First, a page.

Dropouts Get Second Chance to Earn Diploma
Camden County College will hold an information session tonight on its new Transition to College program, offering a chance for dropouts to get ahead academically.
Students who dropped out of high school in Camden County not only have a second chance to earn their diploma—they can get started on a college degree as well.
Camden County College (CCC) is expanding its outreach to high school dropouts with its new Transition to College Program, beginning in the fall. Students interested in learning more can attend an information session tonight, July 24, at the CCC campus at 6 p.m.
Transition to College is open to any Camden County student, age 16-20, who dropped out of high school and wants to earn a diploma. Students attend courses at CCC’s Blackwood campus that cover both the high school curriculum and earn students college credit.
“We’re not looking for them to get the minimal high school degree,” says Fred Cappello, dean of CCC’s Division of School and Community Academic Programs. “We want them to transition into college and continue that pursuit.
“We want to offer them some hope. Some people might say, ‘Well these students dropped out, so forget them.’ But you can’t forget them. These are our kids and we want to make them productive citizens.”
Dropouts are usually “students who have no light at the end of the tunnel,” Cappello adds. “In this economy, even if you’re credentialed, it’s very difficult to get a job.”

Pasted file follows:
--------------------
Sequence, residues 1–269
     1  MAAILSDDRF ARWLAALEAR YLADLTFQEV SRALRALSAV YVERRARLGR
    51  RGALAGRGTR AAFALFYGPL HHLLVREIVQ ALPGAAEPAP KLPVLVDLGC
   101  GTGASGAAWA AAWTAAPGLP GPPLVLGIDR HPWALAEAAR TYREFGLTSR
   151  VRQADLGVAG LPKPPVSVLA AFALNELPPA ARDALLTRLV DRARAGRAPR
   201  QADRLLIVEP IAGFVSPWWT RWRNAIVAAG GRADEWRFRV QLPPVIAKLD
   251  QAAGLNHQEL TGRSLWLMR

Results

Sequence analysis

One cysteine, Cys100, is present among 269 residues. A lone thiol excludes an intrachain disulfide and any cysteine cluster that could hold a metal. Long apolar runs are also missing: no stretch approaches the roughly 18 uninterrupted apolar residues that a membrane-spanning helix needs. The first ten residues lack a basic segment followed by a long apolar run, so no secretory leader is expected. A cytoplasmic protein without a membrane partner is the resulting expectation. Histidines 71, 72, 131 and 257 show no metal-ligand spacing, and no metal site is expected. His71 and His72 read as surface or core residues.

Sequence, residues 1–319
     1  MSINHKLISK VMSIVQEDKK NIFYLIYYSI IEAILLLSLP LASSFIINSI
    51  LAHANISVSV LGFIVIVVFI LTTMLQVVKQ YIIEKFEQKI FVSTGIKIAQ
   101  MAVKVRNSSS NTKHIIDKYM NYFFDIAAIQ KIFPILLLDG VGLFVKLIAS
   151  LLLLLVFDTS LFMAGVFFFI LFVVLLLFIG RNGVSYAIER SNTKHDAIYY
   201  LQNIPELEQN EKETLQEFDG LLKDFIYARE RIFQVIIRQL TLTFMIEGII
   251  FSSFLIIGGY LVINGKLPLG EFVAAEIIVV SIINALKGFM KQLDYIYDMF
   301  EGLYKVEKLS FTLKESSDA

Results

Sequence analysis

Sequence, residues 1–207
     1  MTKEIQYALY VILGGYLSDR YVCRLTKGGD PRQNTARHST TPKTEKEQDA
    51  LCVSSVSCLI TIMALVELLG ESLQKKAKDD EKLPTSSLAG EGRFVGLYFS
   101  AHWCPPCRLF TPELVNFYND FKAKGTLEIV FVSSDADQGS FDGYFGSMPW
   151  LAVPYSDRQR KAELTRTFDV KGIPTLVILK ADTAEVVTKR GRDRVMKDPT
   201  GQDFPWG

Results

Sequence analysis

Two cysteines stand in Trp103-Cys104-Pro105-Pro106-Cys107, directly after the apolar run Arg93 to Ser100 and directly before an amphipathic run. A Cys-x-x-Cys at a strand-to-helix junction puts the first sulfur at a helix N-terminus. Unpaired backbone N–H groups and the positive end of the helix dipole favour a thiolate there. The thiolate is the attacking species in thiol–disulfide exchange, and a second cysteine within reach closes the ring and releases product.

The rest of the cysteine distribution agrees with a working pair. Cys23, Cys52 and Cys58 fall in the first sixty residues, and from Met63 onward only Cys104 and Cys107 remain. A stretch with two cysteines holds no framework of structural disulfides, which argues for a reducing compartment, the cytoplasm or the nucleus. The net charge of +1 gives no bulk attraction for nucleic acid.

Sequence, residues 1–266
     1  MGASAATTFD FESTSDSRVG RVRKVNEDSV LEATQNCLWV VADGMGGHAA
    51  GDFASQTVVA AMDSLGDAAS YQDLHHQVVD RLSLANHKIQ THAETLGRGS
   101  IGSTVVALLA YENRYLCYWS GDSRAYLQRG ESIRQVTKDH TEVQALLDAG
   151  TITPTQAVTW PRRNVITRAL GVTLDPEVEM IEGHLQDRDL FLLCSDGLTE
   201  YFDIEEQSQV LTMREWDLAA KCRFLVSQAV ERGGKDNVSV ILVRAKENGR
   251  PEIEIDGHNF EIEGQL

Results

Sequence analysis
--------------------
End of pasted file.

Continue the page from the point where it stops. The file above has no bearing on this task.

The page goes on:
The economic effects of not earning a diploma are stark. One in four young dropouts are jobless, according to the U.S. Labor Department. About 1.3 million teens drop out of high school each year—7,000 daily— amounting to $100 billion in lost wages and taxes. High school dropouts earn $260,000 less over their career than someone with a diploma.
Nationwide, 28 percent of high school students don’t graduate, according to BoostUp, a dropout prevention group. New Jersey’s non-graduation rate stands at 13 percent.
Students in Transition to College are “historically those who can’t or don’t succeed at a normal high school program for a variety of reasons,” Cappello says. While some things are the same as at high school—classes meet for 180 days annually, the sending high school district approves the curriculum and standardized tests needed for graduation are given—students can learn at their own pace with more individual attention from CCC faculty and staff.
Transition students also get a taste of college life by taking classes on the CCC campus and mingling with students.
CCC has a similar program for dropouts from Camden City, but wanted to expand the program countywide. While the Camden program runs through a grant, the Transition to College program is funded by students’ sending district. The program charges $4,000 per semester, roughly half of the average cost per pupil in Camden County high schools, according to data from the New Jersey Department of Education. Sending districts must approve a student’s enrollment in the Transition program.
CCC will hold an information session tonight on the Transition to College program for potential students and their family members. The session is scheduled for 6 p.m. in the Forum of the Connector Building. The Blackwood campus is located at College Drive and Peter Cheeseman Road in Gloucester Township.
For more information, call Division of School & Community Academic Programs by telephone at 856-227-7200, ext. 4530.